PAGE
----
And that’s the end of my inquiry. He is just not interested in sharing it.
But, since we started using the mood tracker, things have changed dramatically.
Now, he wants to share what his day has been like, whether he had to deal with difficult emotions and his different moods. He shares his different feelings because he wants me to understand his choice of colors for the mood tracker.
“Today the morning has been good, and I felt happy. But then I got really mad because I couldn’t use my tablet because it ran out of battery. The evening has been great because we did a video call with May, and then I had my pasta for dinner.”
A Tool to Help Kids Reflect on Their EmotionsOur mood trackers have also been great tools for reflecting on his intense emotions.
If you look at the picture below, Tuesday evening looks extremely messy.
Using Our Mood Tracker at HomeThat’s because the evening was full of mixed feelings, and we were able to visualize my child’s moods with the mood chart.
The evening started mega happy (another video call to our favorite person). But then, while he was on the call, he started getting annoyed. He couldn’t find the right words to express himself. The more anxious he got, the more difficulty expressing himself. Then, at some point in time, the anxious feelings became angry feelings.
But then, something magic happened.
Our son was able to express the need to finish the call because he was not feeling okay anymore. We did a few breathing exercises, and he started displaying fewer anxiety symptoms.
We congratulated him for his amazing self-regulation:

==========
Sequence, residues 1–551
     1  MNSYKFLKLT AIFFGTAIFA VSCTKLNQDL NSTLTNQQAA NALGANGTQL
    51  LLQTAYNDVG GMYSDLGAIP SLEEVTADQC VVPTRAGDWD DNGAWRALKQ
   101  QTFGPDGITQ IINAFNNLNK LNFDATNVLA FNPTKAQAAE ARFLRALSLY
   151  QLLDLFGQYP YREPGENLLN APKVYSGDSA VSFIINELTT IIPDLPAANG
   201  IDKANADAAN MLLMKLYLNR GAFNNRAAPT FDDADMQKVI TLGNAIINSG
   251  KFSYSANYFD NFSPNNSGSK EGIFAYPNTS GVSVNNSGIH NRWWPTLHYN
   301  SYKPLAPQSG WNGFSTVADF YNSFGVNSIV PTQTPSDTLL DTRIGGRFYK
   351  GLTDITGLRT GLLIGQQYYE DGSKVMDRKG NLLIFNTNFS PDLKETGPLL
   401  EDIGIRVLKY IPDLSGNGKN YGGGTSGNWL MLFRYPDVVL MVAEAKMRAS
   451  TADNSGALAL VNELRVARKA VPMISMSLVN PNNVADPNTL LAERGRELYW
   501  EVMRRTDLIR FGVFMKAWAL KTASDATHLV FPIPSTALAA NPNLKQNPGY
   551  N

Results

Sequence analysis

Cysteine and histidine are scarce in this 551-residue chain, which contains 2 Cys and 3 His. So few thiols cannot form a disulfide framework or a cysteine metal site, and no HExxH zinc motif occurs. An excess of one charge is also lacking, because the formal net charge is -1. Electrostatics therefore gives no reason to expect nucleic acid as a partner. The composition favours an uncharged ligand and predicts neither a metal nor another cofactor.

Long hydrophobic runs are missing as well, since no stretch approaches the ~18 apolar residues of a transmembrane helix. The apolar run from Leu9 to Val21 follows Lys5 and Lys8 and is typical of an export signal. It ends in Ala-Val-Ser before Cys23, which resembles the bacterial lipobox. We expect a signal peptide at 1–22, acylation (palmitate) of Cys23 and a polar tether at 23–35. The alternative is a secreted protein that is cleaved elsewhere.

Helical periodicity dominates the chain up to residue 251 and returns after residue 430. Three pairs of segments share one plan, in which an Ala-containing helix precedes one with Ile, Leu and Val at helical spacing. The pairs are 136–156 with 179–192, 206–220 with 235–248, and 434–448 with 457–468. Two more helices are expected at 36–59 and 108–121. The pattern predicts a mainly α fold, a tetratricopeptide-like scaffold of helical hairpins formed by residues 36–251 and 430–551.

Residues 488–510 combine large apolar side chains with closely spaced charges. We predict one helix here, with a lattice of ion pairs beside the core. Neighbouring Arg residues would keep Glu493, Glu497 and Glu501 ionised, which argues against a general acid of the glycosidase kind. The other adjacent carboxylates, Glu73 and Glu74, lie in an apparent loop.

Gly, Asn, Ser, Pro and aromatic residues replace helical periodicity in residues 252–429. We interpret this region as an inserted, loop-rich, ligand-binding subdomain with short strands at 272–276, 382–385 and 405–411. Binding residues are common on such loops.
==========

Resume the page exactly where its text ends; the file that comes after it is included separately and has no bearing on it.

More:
“You’ve done an amazing job using your words to express what you were feeling and what you needed. And we are so proud of you because you managed your big emotions and found a way to calm down.”
Although I helped with the breathing activities, he had already managed to take some control over his emotions.
We went back to our mood track to reflect on the different kinds of emotions that we had gone through.
We added a bit of yellow (happy), mixed blue and red for anxious and angry, and added green (calm) at the end.
I just can’t even start to tell you how super proud we were. Emotional regulation is very difficult for our neurodivergent boy so this was a huge win.
Taking StockI have created two different options for our mood charts:
- Morning / Midday / Evening
The day is long. If your child focuses only on the negatives, it will bias the image that they see reflected on their chart.
So, I created three “stops” to reflect on how our emotions have played throughout the day.
- Day of the Week
On the following day, we would look at the previous day and assess our overall feelings about the day.
That allowed us to discuss that reflect on how specific events may not have tainted how the day was. This would have been difficult without the detailed tracker of the previous day (morning/ midday/evening.)